Legal Research

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snowpeach06
Posts: 2426
Joined: Thu Apr 16, 2009 5:32 am

Legal Research

Postby snowpeach06 » Sun May 08, 2011 6:46 pm

Is anyone else really concerned that that while they learned how to do legal research, they don't really remember how to do legal research? Is there a website or something devoted to it, or do I have to use those tutorials they give?

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YourCaptain
Posts: 719
Joined: Sun Feb 13, 2011 11:26 pm

Re: Legal Research

Postby YourCaptain » Sun May 08, 2011 6:50 pm

I am closing my eyes and hoping that they signed the brutal contract with ThomasReuters and have WestlawNext.

I had to use Westlaw the other day and was legitimately lost.

BeenDidThat
Posts: 704
Joined: Thu Feb 03, 2011 12:18 am

Re: Legal Research

Postby BeenDidThat » Sun May 08, 2011 7:13 pm

I'm kind of worried. For my internship this summer I intend on hitting the stacks first to narrow down my research and then make a targeted Westlaw/Lexis search once I get the language down to see most relevant recent cases. I don't want to be the guy who runs up a $10,000 research bill.

If you're really worried about it, ask a supervisor the basic outline of how they are billed and for tips. As long as you aren't irritating about it, I think the people you're working for will appreciate someone looking to be cost-effective.

Also, research isn't as hard as it seems. Look for highly cited cases that haven't been overruled...they tend to state the law very well.

LurkerNoMore
Posts: 237
Joined: Thu Oct 09, 2008 12:05 pm

Re: Legal Research

Postby LurkerNoMore » Mon May 09, 2011 7:44 am

Posted something similar to this in another thread. I'm too lazy to go find it, so I'll recap what I remember.

1. When you get your assignment, ask the person who gave it to you if they have any suggestions for starting points. Very often they will either have a case, document, search terms, or treatise to offer up.

2. Talk to the librarians (if have them -- if you don't, consider calling your law school librarians if you really get stuck). Firms often subscribe to specialized resources that will save you a ton of time over regular WL/Lexis research.

3. Google. Before you hit up WL/Lexis google your topic. This will usually get you to terms of art that will save you time and money on WL/Lexis.

4. Google Scholar. See what you can get out of it. But do not stop at this step, even if you think you've found a slam dunk case. You need to run that that through shepards/keycite.

5. Now you can move on to WL/Lexis. You should have search terms/case names and idea of the database you need to search. Choose the narrowest database that will get you what you need. Then search with the broadest set of search terms you can think of. (Remember, the larger the database, the more the search costs. Each new search costs money, but searching within search results doesn't.)

6. Save your research. You don't want to rerun searches you've already run. Save the files in electronic form. You'll be amazed how many times you'll skim a case and think it's not useful and then, a few days later remember there was "some case" that used a particular phrase that you now realize is totally on point. If you've saved the cases you've pulled, you can search your computer for the phrase you remember. This also helps when you are double checking pincites.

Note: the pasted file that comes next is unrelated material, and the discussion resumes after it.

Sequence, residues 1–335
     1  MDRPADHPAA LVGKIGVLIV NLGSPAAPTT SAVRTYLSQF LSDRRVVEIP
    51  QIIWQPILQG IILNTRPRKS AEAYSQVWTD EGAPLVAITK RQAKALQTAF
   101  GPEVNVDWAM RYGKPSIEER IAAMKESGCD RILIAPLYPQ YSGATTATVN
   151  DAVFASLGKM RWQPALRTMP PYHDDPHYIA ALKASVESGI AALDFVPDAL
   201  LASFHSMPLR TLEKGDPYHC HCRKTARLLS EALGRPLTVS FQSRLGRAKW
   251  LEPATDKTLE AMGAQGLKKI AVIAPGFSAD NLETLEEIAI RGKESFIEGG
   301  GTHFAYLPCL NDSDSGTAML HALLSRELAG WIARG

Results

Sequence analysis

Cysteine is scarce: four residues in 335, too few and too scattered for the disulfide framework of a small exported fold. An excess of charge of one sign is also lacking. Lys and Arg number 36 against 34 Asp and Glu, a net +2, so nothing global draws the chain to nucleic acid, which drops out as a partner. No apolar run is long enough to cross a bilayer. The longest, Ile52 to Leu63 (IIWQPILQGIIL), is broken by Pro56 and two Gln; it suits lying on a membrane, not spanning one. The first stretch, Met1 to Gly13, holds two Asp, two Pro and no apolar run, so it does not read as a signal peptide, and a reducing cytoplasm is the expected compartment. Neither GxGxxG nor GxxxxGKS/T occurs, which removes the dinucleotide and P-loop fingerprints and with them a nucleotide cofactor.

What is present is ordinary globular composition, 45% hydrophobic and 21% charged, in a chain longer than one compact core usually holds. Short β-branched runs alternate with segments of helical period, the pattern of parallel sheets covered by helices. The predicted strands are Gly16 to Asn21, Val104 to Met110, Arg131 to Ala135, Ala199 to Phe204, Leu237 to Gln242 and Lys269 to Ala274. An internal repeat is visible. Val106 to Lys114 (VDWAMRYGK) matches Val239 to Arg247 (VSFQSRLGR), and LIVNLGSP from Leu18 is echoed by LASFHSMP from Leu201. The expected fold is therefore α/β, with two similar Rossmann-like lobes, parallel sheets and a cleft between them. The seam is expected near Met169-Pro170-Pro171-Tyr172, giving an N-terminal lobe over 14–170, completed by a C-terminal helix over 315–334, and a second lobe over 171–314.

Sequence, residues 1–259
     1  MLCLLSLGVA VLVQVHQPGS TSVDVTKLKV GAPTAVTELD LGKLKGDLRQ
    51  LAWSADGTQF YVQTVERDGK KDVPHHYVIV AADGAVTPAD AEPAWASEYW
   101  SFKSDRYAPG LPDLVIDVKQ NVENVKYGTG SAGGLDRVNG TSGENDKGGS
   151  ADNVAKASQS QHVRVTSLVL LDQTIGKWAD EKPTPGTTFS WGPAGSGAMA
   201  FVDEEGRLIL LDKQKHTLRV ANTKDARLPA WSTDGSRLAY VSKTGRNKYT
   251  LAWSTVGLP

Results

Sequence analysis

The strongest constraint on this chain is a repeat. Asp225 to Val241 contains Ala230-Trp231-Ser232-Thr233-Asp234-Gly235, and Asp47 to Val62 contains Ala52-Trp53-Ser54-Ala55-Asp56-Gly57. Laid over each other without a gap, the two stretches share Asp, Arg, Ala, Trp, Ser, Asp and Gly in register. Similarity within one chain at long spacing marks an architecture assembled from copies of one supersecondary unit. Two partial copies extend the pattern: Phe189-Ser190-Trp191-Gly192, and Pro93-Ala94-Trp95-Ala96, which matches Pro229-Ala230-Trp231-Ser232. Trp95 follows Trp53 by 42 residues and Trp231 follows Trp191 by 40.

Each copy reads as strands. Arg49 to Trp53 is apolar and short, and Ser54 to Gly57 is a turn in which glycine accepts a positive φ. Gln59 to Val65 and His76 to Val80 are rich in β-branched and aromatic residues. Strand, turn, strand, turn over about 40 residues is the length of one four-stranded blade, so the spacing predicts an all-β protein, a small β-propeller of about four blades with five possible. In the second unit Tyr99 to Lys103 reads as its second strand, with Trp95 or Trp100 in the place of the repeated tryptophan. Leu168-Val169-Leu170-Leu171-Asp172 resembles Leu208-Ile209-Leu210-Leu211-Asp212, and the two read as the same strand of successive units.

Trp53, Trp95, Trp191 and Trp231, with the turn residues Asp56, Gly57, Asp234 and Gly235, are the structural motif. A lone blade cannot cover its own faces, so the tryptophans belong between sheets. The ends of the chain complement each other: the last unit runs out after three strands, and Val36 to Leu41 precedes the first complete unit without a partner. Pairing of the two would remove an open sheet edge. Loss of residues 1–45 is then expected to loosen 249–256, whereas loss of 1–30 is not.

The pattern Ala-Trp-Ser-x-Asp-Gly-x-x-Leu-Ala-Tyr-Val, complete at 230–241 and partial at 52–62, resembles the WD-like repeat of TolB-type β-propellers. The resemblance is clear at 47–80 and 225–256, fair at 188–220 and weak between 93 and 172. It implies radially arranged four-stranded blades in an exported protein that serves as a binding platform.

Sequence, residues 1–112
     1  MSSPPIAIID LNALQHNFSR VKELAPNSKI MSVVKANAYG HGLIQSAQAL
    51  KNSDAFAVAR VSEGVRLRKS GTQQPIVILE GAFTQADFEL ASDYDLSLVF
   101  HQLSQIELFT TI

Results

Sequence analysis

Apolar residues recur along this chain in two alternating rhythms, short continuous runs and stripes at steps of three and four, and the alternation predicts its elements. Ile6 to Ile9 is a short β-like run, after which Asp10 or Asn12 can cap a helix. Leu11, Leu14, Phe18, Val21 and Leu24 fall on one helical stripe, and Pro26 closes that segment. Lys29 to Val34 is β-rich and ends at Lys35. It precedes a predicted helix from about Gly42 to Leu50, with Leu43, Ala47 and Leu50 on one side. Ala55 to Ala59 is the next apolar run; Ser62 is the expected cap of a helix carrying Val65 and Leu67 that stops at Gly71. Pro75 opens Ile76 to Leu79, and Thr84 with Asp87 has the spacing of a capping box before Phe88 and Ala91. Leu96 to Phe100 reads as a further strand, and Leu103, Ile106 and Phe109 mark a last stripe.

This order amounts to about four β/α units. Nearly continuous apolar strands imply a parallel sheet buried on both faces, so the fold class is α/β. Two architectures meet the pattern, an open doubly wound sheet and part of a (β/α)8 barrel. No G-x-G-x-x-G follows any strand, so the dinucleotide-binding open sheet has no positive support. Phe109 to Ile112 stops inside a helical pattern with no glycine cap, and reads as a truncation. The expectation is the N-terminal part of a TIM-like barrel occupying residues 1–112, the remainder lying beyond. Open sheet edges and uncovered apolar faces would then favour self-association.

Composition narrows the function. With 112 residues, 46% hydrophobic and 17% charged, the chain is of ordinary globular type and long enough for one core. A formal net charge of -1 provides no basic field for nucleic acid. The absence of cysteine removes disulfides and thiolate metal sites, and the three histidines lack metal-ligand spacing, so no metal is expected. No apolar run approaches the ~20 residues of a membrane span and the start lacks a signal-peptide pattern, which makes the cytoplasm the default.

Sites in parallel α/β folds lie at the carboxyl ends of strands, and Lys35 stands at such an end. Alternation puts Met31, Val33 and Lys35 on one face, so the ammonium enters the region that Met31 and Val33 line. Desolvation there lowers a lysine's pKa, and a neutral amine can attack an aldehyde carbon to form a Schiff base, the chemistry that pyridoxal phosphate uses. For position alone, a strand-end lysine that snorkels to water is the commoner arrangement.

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snowpeach06
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Re: Legal Research

Postby snowpeach06 » Mon May 09, 2011 8:58 pm

Thanks for the above. Of course today I get this assignment, and I'm not even sure how to do it. I got no case file, just a "here is a 2 sentence summary of this case, find me stuff." And then I go, "I can't really find any cases," and the guy goes "Yeah, they probably don't really exist." I have no idea what to do.

LurkerNoMore
Posts: 237
Joined: Thu Oct 09, 2008 12:05 pm

Re: Legal Research

Postby LurkerNoMore » Tue May 10, 2011 7:43 am

Are you at a firm? If so, talk to the librarians (if you have them) and see if there are any specialize databases on the topic. There are often resources that produce "newsletters" on issues. They will often have discussions of emerging issues.

If you have an actual case, try Pacer. If you look up the docket number, you can get the filings and check out the complaint and responses. These are often awesome resources.

You can also call WL/Lexis and have them construct a search for you, so that you at least have a good idea that you are looking in the right place.

Looking for a negative is tough.

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mths
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Re: Legal Research

Postby mths » Wed May 11, 2011 8:22 pm

Hijacking the thread for a hot minute:

When you're working as an RA the school extends your student lexis/westlaw subscription for the summer. Does anyone know if its the exact same unlimited style as the one you get while in school?

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Borhas
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Re: Legal Research

Postby Borhas » Wed May 11, 2011 8:56 pm

they both have all sorts of tutorials, if you actually try to actively learn instead of hoping it all be streamlined and intuitive, you won't have a problem

on the plus side WL Next is dope, and LexisNexis is trying out a beta version of LN Advance, and that's supposed to be the equivalent of WL Next... so hopefully in a few years it'll the clunky versions will be abandoned (though I bet they won't be for a while)




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